The Motley Fool Previous Page

The Bullish Case for BP

Tyler Crowe
October 27, 2013

Ever since the Macondo incident in 2010, many have considered BP (NYSE: BP) a toxic asset. Original estimates for the massive Gulf of Mexico oil spill totaled more than $140 billion in costs for BP, and there were threats that the company could crack in the face of these bills. There are still many questions remaining regarding BP, but there are also some reasons investors may want to reconsider this oil giant. Let's take a look at three reasons why investors should be bullish on BP. 

1) Macondo won't kill the company
So far, BP has spent approximately $42 billion for everything related to the spill, and it is on the hook for another potential $55 billion for charges from both the Clean Water Act and local and state government claims. It is highly unlikely that court decisions will result in the maximum penalties in both of these cases, so it's safe to assume that the final penalties will be less than $55 billion. Either way, a total of $97 billion is significantly lower than the $140 billion hit that scared investors in the midst of the spill. 

The fear that many investors may have today is that the $20 billion trust fund set up by BP to cover most of the legal claims from the spill wouldn't cover all the costs, and that the company would need to take earnings hits for the remainder of the costs. One assurance to calming this fear is that BP has more than $28 billion in cash and short-term investments sitting on its balance sheet, with almost $10 billion of that designated specifically to handle future claims and litigation. Also, with the company generating nearly $22 billion in cash over the past 12 months from both asset sales and operations, BP should be able to stash enough cash to cover these issues without any major unexpected hits to the income statement.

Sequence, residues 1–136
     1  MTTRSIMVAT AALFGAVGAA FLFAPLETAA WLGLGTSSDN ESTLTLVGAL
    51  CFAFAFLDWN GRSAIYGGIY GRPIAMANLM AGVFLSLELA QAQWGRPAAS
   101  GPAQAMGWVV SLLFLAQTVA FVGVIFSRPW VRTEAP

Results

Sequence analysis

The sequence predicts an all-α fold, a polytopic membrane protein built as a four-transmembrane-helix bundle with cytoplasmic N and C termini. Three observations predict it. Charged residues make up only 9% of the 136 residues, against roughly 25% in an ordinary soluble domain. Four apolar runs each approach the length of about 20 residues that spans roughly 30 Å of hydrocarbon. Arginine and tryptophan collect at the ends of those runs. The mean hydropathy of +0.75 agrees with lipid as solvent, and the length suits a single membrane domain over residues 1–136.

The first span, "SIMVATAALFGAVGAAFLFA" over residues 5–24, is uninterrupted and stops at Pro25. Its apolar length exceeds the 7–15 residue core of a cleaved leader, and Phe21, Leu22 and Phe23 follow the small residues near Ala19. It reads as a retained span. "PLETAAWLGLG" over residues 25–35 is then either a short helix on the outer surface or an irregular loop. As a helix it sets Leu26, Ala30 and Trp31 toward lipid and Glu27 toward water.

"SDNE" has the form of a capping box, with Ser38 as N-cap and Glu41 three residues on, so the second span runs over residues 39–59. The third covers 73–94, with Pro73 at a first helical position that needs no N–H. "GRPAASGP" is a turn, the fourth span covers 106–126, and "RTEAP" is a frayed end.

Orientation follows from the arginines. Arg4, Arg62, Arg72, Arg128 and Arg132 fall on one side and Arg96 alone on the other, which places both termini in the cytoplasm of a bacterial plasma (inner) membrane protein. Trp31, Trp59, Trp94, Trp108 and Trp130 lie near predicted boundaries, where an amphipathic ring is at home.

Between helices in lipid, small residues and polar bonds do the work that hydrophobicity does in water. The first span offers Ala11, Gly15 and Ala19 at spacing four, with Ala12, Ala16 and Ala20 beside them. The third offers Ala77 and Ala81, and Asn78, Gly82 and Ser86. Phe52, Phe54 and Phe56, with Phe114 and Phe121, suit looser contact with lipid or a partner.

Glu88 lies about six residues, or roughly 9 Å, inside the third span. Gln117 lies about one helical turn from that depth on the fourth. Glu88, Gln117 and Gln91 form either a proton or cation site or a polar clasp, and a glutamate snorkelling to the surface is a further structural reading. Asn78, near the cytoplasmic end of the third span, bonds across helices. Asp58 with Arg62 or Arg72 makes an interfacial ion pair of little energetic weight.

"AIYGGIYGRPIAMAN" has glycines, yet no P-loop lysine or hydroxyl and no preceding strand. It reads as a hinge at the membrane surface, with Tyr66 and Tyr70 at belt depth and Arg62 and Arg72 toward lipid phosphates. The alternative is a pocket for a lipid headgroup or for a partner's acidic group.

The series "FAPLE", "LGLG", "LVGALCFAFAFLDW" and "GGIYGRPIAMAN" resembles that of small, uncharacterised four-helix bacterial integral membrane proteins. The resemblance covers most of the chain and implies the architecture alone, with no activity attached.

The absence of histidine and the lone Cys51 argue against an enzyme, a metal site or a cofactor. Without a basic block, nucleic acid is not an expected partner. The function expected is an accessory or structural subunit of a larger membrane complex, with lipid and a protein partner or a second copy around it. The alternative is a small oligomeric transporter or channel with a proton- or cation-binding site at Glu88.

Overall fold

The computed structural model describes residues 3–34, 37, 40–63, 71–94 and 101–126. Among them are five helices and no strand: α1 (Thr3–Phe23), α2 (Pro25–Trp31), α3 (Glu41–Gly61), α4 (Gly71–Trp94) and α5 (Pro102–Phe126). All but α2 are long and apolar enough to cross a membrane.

2) Earnings power viable despite major asset selloff
One way BP has covered costs for Macondo has been by selling off more than $38 billion of its assets. The most recent of these deals was to sell its Texas City refinery and associated assets to Marathon Petroleum (NYSE: MPC) for $2.5 billion. While there may be concerns that the company's ability to generate returns will be severely hampered by these moves. BP has so far avoided drastically impacting its primary income generation engine: the upstream side of the business.

Some may critique BP for not getting top dollar for its sales of the Texas City refinery to Marathon or the Carson refinery to Tesoro (NYSE: TSO) earlier this year, but what may be overlooked is the ability to generate $5 billion from these assets in a business segment that doesn't add much to the bottom line of the company. Even with the Texas City and Carson refineries, the downstream segment only represented 8% of the company's 2012 earnings even during one of the best years for U.S. refiners

In fact, BP may actually be ahead of the curve in comparison to the rest of its integrated major peers. Big oil has struggled recently in the downstream side of operatio